Sunday, the 30th of January 1972 is gone into the history as 'Bloody Sunday'. It found place in the Catholic district of Derry in Northern Ireland. On that day British soldiers shot 13 Irish demonstrators dead, who were holding an illegal protest march for peace and equal rights between Catholics and Protestants. The bloody outcome is credited for decades long civil war between the Irish and the British men. The movie 'Bloody Sunday' gives a realistic portrait of the events, which found place in 1972. You are looking through the eyes of the Irish people and the British army.
Five characters represent the major forces of the day. Member of parliament, human rights activist and Protestant Ivan Cooper (James Nesbitt) is the organizer of the march.The seventeen-year-old Catholic boy Gerry Donaghy (Declan Duddly), just out jail and torn between protesting and staying out of trouble.The radioman whose shock and disgust with his fellow soldiers is pitted against his loyalty to the unit Soldier 027 (Mike Edwards). The dutiful but sympathetically human Brigadier, Patrick MacLellan (Nicholas Farell).The unbending imperialist with the order to end the unrest, Major GeneralFord (Tim Pigott-Smith).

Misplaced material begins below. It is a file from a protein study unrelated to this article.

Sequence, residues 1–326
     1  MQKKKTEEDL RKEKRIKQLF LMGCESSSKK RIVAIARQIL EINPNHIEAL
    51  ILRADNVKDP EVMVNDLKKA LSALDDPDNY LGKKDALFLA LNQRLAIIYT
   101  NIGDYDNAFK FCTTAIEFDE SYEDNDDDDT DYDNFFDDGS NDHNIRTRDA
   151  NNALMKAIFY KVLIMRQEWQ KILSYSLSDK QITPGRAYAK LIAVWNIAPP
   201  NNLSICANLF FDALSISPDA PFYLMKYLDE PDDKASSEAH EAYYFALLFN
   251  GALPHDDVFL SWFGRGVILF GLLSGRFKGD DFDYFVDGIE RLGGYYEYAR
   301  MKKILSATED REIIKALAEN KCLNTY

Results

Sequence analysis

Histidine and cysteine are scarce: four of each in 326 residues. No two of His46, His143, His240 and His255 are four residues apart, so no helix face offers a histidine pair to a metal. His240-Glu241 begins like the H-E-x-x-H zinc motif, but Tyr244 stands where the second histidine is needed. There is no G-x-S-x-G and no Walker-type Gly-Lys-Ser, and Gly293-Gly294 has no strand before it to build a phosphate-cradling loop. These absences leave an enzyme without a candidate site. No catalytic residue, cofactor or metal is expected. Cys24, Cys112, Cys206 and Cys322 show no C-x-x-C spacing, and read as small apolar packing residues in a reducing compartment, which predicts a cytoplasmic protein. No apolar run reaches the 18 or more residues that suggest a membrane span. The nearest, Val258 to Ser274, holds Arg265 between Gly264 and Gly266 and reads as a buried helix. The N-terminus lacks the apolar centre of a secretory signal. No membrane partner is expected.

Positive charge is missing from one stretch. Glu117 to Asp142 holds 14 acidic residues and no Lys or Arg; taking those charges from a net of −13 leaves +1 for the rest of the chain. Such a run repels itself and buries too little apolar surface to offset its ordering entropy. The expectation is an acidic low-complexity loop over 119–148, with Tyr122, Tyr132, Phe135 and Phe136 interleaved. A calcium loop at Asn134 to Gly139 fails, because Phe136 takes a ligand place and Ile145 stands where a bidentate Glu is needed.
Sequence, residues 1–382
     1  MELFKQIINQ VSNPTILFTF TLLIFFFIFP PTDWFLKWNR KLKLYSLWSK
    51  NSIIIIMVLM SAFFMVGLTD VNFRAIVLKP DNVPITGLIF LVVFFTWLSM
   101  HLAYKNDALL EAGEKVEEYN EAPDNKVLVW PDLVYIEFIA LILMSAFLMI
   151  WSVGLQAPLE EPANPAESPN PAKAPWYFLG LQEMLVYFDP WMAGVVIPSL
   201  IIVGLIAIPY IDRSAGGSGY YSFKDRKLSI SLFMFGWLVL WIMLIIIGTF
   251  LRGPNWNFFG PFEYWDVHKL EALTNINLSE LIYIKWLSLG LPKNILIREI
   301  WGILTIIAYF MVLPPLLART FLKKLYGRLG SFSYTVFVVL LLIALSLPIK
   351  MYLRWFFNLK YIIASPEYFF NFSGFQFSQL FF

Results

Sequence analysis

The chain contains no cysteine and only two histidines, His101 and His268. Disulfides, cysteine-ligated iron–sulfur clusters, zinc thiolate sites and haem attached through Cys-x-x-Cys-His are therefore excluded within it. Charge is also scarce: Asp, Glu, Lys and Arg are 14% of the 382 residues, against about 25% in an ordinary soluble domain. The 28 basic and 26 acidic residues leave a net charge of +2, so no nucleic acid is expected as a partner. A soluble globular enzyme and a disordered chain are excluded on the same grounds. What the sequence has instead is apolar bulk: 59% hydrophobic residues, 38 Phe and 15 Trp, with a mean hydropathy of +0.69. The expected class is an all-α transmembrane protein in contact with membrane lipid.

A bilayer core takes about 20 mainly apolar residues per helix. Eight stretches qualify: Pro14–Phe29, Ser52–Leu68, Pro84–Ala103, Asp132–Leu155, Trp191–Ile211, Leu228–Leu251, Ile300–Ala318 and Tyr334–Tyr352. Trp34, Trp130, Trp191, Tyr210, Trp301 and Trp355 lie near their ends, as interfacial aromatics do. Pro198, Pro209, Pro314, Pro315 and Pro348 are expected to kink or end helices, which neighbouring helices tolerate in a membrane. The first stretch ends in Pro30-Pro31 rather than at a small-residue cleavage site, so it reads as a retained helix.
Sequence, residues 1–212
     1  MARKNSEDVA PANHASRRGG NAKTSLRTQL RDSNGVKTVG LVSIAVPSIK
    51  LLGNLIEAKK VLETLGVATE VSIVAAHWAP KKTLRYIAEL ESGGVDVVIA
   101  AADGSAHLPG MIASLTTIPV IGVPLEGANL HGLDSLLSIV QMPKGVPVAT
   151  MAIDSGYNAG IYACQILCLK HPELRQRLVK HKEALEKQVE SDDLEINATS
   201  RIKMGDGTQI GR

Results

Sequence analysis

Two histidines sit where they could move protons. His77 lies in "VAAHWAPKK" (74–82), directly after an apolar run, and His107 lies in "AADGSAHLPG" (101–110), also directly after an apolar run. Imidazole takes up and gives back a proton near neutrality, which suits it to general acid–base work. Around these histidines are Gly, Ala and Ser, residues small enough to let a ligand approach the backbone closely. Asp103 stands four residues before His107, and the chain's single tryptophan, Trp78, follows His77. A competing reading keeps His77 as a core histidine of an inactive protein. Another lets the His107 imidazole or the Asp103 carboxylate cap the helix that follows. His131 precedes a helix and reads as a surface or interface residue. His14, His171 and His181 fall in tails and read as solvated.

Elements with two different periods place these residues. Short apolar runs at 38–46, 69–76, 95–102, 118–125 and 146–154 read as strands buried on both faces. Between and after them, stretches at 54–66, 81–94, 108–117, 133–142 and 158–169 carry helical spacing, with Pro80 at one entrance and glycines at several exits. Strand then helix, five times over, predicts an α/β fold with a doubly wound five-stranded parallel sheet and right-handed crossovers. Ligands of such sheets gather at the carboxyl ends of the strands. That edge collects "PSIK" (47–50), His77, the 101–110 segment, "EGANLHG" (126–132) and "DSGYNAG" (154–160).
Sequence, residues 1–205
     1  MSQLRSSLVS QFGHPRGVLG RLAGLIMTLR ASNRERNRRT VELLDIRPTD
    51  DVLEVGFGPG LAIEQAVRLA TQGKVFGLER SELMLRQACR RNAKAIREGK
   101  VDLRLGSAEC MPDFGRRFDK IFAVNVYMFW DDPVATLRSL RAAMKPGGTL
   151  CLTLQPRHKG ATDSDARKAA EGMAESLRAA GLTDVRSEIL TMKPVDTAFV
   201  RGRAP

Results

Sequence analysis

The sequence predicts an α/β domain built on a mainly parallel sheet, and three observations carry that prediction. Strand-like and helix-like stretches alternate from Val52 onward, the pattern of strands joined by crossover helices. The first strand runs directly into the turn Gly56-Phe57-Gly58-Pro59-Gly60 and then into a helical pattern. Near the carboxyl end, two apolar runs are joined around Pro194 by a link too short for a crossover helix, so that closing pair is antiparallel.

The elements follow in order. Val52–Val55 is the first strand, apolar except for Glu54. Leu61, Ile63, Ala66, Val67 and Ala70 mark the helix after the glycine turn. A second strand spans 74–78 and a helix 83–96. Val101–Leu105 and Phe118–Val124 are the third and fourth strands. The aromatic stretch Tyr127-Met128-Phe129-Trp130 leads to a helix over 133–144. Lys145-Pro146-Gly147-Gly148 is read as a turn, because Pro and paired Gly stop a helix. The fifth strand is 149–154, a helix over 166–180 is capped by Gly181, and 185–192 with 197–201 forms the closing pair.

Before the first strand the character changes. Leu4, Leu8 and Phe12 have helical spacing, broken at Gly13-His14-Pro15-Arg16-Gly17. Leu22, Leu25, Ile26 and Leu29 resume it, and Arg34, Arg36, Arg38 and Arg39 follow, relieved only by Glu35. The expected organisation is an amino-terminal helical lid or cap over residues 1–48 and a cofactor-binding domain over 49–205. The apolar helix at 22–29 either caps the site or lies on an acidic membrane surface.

You see how they prepare and go through the march.
Only the moment of the march is unluckily chosen, because the British troops wants to teach the Irish people a lesson after the many attacks on English soldiers. By the presence of the British militaries, disengage some youngsters themselves of the march and start to throw with rocks. Of course react the British men immediately and start to shoot.
This movie takes a turn at correcting this imbalance by recounting what happened on Bloody Sunday in a powerfully realistic half-drama, half-documentary.
The British militaries were interrogated after 'Bloody Sunday', but didn't get any sanction. They told that they were under fire of the IRA and that also the demonstrators shot. After appearing of the movie was the investigation re-opened.
What also strikes is that the director sometimes a subjective portrait of the disturbance gives. The British men were certainly not all evil and the demonstrators weren't all honest angels.
Despite this is the movie very successful and historically valuable. The butt was a peaceful march, but it switched off in a bloody disturbance.
'Bloody Sunday' will be never forgot.